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Improving the Robustness of Cluster-based Network Services Using Peer-to-peer Design Principles

Dimension Value
  • Discipline
  • Other
  • Project Working Hours
  • Not Specified
  • Research Study Hybrid Value Creation
    • Funding Institutions
    • National governmental Funding
      • Other
    • Other Funding Institutions
    • National Science Foundation
    Contact Person/s: Dr. Kai Shen

    Improving the Robustness of Cluster-based Network Services Using Peer-to-peer Design Principles ()

    Cluster-based network servers are a cost-effective platform for constructing  large-scale network services. However, service clustering presents significant  challenges to system designers. Many components of the clustering support are  often implemented using centralized or hierarchical architectures, in order to  meet desired performance, consistency, and policy requirements. The effectiveness of these approaches has been demonstrated under well-controlled environments, but customized enhancements are often needed to deal with transient component  failures and fluctuating service loads.  Peer-to-peer systems are distributed systems without any centralized control or hierarchical organization, and with functionally equivalent software running at each node. The primary goal of this project is to improve the robustness of cluster-based network services using peer-to-peer system design principles. Specifically, this effort exploits three main principles of peer-to-peer system design: functionally symmetric architecture, slow-scaling overhead, and non-determinism. This project covers various components in service clustering support, including service location lookup, membership management, cluster-wide resource management, and replication consistency support.  Techniques investigated in this project can greatly benefit network service designers, for whom it can offer significant improvements in system robustness. In a broader context, this research complements the ongoing efforts of building global-scale peer-to-peer systems and services. In addition, this project directly benefits systems-area instruction improvement at the PI's institution.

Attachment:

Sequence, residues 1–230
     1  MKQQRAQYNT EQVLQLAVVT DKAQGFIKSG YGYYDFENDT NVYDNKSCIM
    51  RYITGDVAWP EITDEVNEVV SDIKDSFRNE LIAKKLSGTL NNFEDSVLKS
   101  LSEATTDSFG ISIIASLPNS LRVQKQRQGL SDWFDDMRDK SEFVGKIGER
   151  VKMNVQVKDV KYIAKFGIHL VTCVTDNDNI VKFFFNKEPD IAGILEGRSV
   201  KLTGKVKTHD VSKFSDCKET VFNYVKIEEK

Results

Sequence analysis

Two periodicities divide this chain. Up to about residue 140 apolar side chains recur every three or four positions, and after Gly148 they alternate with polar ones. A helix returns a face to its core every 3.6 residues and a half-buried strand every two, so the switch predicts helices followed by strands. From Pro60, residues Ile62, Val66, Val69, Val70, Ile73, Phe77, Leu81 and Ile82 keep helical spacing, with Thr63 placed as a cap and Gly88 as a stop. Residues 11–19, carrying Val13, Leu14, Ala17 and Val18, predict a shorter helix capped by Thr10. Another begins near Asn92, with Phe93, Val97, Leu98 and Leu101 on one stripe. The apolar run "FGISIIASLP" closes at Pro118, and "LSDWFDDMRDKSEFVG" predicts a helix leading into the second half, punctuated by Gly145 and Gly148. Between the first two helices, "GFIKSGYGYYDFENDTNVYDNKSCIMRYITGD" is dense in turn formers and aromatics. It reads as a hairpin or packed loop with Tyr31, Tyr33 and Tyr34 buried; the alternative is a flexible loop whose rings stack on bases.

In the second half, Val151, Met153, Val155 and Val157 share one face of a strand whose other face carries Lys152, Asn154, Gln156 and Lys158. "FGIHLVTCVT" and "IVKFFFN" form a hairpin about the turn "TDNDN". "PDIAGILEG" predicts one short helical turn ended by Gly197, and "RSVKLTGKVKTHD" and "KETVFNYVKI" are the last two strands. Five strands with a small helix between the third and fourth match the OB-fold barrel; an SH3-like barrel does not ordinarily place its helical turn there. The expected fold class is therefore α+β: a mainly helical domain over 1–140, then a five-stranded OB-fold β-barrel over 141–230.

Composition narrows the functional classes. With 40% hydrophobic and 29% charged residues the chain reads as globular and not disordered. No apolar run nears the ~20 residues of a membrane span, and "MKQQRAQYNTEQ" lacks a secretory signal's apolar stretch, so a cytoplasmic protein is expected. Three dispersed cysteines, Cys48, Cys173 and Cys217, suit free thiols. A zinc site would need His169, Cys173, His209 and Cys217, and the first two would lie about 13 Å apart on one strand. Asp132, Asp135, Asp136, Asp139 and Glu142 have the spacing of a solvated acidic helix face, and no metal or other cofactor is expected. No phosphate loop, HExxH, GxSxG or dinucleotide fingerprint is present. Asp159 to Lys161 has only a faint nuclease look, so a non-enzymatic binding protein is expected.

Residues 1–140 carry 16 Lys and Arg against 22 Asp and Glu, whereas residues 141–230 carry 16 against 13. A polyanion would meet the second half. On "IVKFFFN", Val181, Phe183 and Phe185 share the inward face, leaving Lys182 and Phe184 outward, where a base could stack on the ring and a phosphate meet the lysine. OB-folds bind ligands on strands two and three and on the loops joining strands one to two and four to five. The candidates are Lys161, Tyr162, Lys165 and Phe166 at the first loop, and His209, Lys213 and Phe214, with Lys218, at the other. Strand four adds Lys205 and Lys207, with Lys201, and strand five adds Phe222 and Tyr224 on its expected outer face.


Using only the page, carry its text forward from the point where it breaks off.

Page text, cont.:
This project was described byAdmin Istrator (24. May 2011 - 10:14)
    This project was last edited by Sanja Tumbas (6. July 2012 - 17:21)

    Further information

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